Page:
I wish my grandmother was still here. Now would've been an ideal time for me to spend a couple of days with her. She would've been able to make some sense out of all this. She was a dyed-in-the-wool democrat and she might have been as agitated as anyone over this mess of an election or, more likely, she may have dismissed it all as "Hooey". Whatever her response would have been to the present political brouhaha, I know that she certainly would've been able to calm me down.

So here's to Nanny and here's to Toot.

Wednesday, October 1, 2008

protected

The world keeps spinning. It's rotations appear to be getting faster and faster but they're not. I'm distracted by the financial crisis, the election, the debates and as serious as the outcomes of these events are they serve as diversions from my personal and spiritual struggles.

I didn't start blogging as an outlet for my political opinions yet somehow I've been guilty of doing just that. I want to share my internal perspective and my spiritual journey. I have an appetite for personal expression and I've been diverted by current events.


How deep into personal thoughts, how honest can I be before I pass the boundaries of bravery and enter into the realm of foolishness? My opinions on or feelings about Sarah Palin, Barack Obama or government bailouts isn't personal or even original. My opinions are shared by millions and many write about these things with much more aptitude and craft than I'm able to. When I share, however, about my longing to feel the presence of God or about my loneliness or about my inability to curtail my obsessive self-sabotaging behavior, am I going too far? Have I entered an area that embarrasses the reader as well as myself? I don't know.

Lately, as I make my way in this teeming metropolis, I might see the curve of an ankle or a lip, a hand, the crease of a turning neck or the musculature of a shoulder and I get overcome with an aching emptiness. A smile or gesture can throw me off balance for several minutes. Is it odd? Is it God? An unseen spirit reaches into my chest and firmly presses it's narrow accusing finger on an acutely sensitive spot: "There", it says "Right there is where the work needs to be done, where you are lacking." It is an actual physical pain and as well as being painful it brings with it a heavy sadness.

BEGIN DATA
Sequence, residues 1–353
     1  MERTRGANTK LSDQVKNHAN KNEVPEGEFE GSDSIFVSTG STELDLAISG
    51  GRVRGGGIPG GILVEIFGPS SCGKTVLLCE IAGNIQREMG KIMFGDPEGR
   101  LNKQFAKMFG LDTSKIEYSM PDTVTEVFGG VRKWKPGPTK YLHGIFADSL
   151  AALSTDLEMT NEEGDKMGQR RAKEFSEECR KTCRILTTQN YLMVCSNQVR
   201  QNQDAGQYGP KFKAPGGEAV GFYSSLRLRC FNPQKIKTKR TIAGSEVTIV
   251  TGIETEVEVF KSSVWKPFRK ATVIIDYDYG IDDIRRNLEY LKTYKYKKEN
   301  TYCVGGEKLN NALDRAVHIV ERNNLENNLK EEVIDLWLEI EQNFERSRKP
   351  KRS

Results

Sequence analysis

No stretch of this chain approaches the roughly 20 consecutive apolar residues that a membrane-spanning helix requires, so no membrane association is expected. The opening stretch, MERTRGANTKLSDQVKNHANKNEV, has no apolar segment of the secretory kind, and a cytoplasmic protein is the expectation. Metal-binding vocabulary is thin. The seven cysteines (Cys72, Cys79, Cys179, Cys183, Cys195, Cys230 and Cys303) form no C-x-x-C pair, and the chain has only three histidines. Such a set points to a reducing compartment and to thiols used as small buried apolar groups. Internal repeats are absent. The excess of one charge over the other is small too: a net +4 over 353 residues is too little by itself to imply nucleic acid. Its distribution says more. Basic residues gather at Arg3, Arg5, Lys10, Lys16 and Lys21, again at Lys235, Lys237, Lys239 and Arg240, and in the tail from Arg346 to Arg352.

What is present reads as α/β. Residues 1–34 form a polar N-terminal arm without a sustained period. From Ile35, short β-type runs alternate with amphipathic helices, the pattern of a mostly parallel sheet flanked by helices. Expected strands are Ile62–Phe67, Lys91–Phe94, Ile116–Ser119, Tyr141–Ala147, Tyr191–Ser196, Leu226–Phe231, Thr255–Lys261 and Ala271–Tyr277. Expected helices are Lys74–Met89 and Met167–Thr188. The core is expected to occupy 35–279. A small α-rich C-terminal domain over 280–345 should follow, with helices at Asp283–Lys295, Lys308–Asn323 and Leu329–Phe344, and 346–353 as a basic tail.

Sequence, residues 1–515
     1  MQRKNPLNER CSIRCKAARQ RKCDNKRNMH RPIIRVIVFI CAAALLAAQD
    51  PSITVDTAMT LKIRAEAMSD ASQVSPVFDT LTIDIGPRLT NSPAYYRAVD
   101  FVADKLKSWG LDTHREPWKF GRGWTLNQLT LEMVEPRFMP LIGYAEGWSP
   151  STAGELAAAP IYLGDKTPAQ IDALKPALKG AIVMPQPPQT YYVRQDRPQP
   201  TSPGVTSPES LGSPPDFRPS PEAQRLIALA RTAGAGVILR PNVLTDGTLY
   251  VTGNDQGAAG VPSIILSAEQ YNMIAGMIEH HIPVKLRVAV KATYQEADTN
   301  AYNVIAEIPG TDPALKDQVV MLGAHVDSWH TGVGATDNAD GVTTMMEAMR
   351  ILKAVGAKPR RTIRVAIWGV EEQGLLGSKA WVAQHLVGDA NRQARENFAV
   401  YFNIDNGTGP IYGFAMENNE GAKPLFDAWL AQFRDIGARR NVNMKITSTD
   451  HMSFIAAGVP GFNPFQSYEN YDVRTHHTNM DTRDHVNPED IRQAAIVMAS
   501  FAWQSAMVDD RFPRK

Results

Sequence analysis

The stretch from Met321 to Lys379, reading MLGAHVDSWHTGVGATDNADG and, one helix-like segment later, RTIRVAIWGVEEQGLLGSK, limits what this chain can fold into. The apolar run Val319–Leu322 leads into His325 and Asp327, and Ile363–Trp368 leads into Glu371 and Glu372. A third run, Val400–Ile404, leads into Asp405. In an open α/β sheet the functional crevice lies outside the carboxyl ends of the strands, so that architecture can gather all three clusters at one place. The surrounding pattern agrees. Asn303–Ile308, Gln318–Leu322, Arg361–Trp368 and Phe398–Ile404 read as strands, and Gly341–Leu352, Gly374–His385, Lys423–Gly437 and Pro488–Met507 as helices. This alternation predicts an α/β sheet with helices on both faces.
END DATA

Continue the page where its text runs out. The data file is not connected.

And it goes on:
I don't know that I have developed the tools to ease this pain. The old tricks have stopped working. I keep trying them but they don't work. I'm not sure what else to do. I try to follow what interests me and hope that I attract what I need. I ask those who've gone before me to walk with me, guide me, hold me, comfort me. I talk to lost loved ones who I feel are somehow still near. "I'm uncomfortable. I'm lonely. I miss you. Stay with me." Something has protected me. I ask daily to feel that protective and loving Presence with me as I go through the day. I attempt to be as humble as I can be. I say please and I say thank you and day after day I continue to be protected.

I pray for the knowledge of God's will for me and the power to carry that out. I think I'm doing that to the best of my ability. When I was first introduced to this concept it sounded great. How could God's will feel anything but good? I imagined an elated kind of blissed out higher consciousness. "I'm so spiritual, look at me - I'm carrying out God's will" - wearing beads and eating vegetarian curry. But the truth turns out to be much more pragmatic and human. Apparently God's will involves struggle and work. Sometimes God's will even involves feeling lonely and lousy yet having the fortitude to get up the next day and do it again.